“Man in the Blue Moon” by Michael Morris / Monday, November 26, 2012 / Reviewed by Clay Stafford

Today’s featured book is Man in the Blue Moon by Michael Morris.

"Man in the Blue Moon" by Michael Morris

The rich get richer and the poor…keep fighting them off.

Why Clay Stafford chose this book:

You have to ask yourself, what has Michael Morris been doing all these years? Morris is one of our best Southern writers and I think it has been at least 10 years since he released his last book…until “Man in the Blue Moon.” I guess he was storing up the power shot. This is a wonderful book set in Florida during World War I.

A stranger comes to town in one of the most unusual entrances I think I’ve read. “He could never relieve himself of the sins of the father. The past shaded his mind until at times he was certain darkness had overtaken him.” As I read, I was not sure, at times, if it was the stranger’s story or the woman whom he befriends, but by the end, it becomes clear that it is the story of all of them, the entire community. There is a nice mix of quirky characters. Highly emotional. The stranger, the protagonist, the three diverse sons, the caretaker, the balanced ministers, the odd little girl, even the absentee husband, and all the other more minor characters are all well-defined. The plot and characters are in constant forward motion: they are changing characters within a changing world with fundamentals solidly set in the past. “Mark my word, we’re living in the end times.” As a Southerner, I’ve heard that before…actually last Sunday.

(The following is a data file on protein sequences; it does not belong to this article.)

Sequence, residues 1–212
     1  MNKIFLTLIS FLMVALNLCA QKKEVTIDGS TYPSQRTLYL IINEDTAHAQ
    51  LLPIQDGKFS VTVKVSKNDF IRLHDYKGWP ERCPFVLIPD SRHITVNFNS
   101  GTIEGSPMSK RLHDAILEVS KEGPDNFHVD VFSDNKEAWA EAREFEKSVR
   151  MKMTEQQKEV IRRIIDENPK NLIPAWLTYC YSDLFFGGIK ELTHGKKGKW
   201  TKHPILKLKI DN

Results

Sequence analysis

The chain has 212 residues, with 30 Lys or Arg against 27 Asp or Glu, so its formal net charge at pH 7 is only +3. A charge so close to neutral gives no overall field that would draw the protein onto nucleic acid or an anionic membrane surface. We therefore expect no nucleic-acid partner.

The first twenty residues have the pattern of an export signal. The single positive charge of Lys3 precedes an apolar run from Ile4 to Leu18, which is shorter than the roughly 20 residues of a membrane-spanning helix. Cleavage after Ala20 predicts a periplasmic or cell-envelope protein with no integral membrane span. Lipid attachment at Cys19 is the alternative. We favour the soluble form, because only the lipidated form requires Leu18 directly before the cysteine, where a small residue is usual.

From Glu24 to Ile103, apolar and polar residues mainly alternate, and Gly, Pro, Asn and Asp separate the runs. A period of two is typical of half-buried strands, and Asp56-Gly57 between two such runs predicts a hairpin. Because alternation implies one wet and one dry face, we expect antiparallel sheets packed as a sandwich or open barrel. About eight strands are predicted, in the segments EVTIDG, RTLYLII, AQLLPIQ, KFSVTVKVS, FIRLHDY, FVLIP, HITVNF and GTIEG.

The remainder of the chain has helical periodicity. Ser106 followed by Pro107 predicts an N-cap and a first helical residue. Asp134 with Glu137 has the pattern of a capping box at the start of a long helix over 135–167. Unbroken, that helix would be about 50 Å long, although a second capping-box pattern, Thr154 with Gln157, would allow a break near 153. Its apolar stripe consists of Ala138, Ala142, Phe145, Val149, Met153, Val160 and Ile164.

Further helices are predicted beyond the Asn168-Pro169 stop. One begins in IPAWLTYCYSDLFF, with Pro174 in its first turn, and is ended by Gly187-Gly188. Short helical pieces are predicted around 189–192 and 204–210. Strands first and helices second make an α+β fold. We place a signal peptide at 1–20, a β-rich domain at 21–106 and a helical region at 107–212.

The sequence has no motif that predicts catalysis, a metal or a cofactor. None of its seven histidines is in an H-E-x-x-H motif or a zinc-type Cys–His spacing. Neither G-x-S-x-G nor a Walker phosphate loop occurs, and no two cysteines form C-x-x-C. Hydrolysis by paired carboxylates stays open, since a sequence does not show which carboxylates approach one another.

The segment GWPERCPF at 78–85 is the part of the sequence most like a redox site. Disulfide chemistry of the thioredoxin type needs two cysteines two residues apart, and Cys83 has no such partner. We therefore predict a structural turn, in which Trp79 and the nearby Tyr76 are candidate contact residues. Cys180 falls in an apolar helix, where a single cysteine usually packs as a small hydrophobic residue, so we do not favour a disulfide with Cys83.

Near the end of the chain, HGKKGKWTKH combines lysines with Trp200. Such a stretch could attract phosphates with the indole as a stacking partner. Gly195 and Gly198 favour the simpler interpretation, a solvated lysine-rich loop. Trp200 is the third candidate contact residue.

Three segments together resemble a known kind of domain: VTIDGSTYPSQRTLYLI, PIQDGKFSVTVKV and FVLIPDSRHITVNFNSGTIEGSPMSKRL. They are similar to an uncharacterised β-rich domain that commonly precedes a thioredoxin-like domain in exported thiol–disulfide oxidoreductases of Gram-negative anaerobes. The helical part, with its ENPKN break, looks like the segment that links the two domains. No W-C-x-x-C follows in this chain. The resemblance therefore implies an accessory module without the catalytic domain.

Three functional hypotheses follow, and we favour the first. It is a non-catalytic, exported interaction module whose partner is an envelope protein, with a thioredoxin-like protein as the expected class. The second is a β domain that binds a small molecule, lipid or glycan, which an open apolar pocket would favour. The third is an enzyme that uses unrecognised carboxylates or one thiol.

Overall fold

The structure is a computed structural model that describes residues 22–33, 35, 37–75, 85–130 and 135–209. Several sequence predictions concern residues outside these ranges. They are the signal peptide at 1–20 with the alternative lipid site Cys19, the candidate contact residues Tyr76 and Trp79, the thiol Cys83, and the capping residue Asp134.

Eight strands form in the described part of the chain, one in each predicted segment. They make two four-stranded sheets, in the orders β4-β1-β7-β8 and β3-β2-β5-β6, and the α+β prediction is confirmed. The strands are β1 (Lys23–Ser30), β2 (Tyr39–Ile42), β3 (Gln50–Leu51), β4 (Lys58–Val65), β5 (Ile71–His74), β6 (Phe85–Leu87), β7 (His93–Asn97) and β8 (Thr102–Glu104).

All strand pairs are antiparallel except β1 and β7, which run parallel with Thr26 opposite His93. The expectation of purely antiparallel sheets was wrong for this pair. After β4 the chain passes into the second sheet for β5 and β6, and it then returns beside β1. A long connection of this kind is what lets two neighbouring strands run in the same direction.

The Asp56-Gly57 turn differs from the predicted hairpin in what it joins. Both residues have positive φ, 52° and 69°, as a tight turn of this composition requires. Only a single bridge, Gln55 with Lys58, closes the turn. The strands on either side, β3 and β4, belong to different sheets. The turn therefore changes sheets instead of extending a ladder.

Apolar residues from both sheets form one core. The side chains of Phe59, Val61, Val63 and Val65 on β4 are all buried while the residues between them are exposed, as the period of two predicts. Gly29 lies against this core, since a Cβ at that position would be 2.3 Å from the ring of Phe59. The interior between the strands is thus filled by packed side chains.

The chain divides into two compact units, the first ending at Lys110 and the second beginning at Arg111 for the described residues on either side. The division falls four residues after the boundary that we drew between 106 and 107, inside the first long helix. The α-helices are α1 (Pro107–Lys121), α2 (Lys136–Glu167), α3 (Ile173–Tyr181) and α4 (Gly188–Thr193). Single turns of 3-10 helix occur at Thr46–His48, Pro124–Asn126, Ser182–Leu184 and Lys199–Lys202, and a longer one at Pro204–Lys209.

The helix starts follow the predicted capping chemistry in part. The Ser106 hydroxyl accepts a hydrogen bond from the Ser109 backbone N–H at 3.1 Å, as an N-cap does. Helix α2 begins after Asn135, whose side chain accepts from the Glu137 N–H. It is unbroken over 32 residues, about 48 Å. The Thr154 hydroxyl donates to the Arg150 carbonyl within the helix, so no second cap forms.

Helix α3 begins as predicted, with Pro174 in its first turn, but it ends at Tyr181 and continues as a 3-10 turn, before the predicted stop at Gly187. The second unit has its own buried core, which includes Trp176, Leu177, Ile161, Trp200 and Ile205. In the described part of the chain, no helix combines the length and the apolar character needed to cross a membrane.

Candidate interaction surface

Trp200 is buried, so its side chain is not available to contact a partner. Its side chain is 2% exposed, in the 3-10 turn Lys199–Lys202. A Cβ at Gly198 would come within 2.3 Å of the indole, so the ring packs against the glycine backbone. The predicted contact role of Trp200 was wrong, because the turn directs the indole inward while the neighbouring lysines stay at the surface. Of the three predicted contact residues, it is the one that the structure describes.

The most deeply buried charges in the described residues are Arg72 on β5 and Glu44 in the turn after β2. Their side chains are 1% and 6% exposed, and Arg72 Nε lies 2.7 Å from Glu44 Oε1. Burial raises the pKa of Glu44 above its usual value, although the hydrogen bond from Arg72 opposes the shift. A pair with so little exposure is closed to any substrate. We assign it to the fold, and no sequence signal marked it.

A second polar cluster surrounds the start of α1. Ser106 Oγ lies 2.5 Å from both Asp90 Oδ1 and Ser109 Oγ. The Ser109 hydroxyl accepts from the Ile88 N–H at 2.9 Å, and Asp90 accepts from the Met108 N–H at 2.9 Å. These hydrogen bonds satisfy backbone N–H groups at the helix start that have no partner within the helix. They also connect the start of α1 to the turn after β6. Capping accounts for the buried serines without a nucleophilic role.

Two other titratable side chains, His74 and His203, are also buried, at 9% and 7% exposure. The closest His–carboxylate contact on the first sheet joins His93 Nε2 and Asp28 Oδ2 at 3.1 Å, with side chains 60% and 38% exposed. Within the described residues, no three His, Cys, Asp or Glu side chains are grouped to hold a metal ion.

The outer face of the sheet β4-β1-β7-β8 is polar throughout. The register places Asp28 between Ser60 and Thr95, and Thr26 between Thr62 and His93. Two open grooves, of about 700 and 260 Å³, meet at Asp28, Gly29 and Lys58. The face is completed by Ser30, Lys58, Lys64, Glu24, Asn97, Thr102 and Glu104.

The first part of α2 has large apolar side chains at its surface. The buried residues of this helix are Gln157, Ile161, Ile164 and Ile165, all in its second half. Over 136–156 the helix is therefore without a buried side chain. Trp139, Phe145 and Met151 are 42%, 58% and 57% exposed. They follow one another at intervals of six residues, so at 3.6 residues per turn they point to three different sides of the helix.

It is Southern literature, but it is also a work that breaks out of the box of locality. You’ll find themes of love, community, and forgiveness, which are some of the strongest catalysts in a writer’s toolbox. It takes place outside Apalachicola, Florida in a dying town called Dead Lakes, but it could have just as easily been set anywhere. These are real people. You see it in the way they react to the same singular situations: “Beyond belief.” “Lifesaver.” “Voodoo.” It’s one of those books that will have you wondering about the characters long after you’ve put the novel away.

“Innocence and justice sometimes don’t go hand in hand,” Michael Morris writes, but they certainly are emotional powerhouses to write about. Will she keep her farm? Will she not? Much healing water flows through the Dead Lakes before we finally have that answer.

From Amazon:

He’s a gambler at best. A con artist at worst, her aunt had said of the handlebar-mustached man who snatched Ella Wallace away from her dreams of studying art in France. Eighteen years later, that man has disappeared, leaving Ella alone and struggling to support her three sons. While the world is embroiled in World War I, Ella fights her own personal battle to keep the mystical Florida land that has been in her family for generations from the hands of an unscrupulous banker. When a mysterious man arrives at Ella’s door in an unconventional way, he convinces her he can help her avoid foreclosure, and a tenuous trust begins. But as the fight for Ella’s land intensifies, it becomes evident that things are not as they appear. Hypocrisy and murder soon shake the coastal town of Apalachicola and jeopardize Ella’s family.”

If you want to make your own comments on this selection, we would love to hear from you. Join our Facebook Killer Nashville group page or our blog and join in the discussion.

Remember that these books are listed at a discount through Amazon. You also don’t have to purchase the version that is featured here. Many of these books are available in multiple formats: e–book, hardcover, softcover, and audio. Enjoy!

– Clay Stafford, Founder of Killer Nashville